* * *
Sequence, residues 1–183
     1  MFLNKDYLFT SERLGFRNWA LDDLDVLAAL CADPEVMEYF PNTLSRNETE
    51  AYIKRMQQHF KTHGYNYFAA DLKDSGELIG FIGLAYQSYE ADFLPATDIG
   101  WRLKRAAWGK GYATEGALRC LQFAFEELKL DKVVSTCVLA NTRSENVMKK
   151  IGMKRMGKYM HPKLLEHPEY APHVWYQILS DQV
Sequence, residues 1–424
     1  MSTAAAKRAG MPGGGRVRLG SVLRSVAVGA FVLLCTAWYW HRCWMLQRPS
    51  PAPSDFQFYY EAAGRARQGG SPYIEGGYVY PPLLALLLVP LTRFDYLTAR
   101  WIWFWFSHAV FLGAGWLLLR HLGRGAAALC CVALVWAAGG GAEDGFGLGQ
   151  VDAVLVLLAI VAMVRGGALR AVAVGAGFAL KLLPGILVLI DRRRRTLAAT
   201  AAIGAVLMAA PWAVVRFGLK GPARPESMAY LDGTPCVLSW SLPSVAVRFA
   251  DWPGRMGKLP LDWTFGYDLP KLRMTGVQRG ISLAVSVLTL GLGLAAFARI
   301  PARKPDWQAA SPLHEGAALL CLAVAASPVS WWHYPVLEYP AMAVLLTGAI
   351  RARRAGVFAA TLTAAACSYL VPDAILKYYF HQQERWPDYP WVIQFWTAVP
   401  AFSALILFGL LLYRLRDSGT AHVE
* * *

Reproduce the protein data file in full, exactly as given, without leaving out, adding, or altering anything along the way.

Sequence, residues 1–183
     1  MFLNKDYLFT SERLGFRNWA LDDLDVLAAL CADPEVMEYF PNTLSRNETE
    51  AYIKRMQQHF KTHGYNYFAA DLKDSGELIG FIGLAYQSYE ADFLPATDIG
   101  WRLKRAAWGK GYATEGALRC LQFAFEELKL DKVVSTCVLA NTRSENVMKK
   151  IGMKRMGKYM HPKLLEHPEY APHVWYQILS DQV
Sequence, residues 1–424
     1  MSTAAAKRAG MPGGGRVRLG SVLRSVAVGA FVLLCTAWYW HRCWMLQRPS
    51  PAPSDFQFYY EAAGRARQGG SPYIEGGYVY PPLLALLLVP LTRFDYLTAR
   101  WIWFWFSHAV FLGAGWLLLR HLGRGAAALC CVALVWAAGG GAEDGFGLGQ
   151  VDAVLVLLAI VAMVRGGALR AVAVGAGFAL KLLPGILVLI DRRRRTLAAT
   201  AAIGAVLMAA PWAVVRFGLK GPARPESMAY LDGTPCVLSW SLPSVAVRFA
   251  DWPGRMGKLP LDWTFGYDLP KLRMTGVQRG ISLAVSVLTL GLGLAAFARI
   301  PARKPDWQAA SPLHEGAALL CLAVAASPVS WWHYPVLEYP AMAVLLTGAI
   351  RARRAGVFAA TLTAAACSYL VPDAILKYYF HQQERWPDYP WVIQFWTAVP
   401  AFSALILFGL LLYRLRDSGT AHVE